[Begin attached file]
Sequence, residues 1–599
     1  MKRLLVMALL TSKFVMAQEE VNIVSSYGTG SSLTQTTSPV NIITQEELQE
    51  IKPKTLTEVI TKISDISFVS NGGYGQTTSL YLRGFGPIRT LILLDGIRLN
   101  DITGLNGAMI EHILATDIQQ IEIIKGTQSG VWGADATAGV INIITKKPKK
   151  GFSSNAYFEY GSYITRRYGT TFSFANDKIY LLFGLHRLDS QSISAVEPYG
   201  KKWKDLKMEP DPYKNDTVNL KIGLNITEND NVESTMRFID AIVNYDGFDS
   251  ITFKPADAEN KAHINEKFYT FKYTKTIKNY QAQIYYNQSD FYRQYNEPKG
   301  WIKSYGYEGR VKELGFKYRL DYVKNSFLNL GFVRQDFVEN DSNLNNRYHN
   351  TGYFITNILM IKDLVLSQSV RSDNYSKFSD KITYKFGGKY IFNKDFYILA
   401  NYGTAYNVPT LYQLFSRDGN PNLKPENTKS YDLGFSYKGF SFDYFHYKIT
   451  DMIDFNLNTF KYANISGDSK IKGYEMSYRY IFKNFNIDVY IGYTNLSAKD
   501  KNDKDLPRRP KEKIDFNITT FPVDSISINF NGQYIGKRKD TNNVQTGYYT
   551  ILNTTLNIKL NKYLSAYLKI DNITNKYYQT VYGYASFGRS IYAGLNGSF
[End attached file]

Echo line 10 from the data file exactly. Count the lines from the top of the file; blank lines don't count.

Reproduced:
   401  NYGTAYNVPT LYQLFSRDGN PNLKPENTKS YDLGFSYKGF SFDYFHYKIT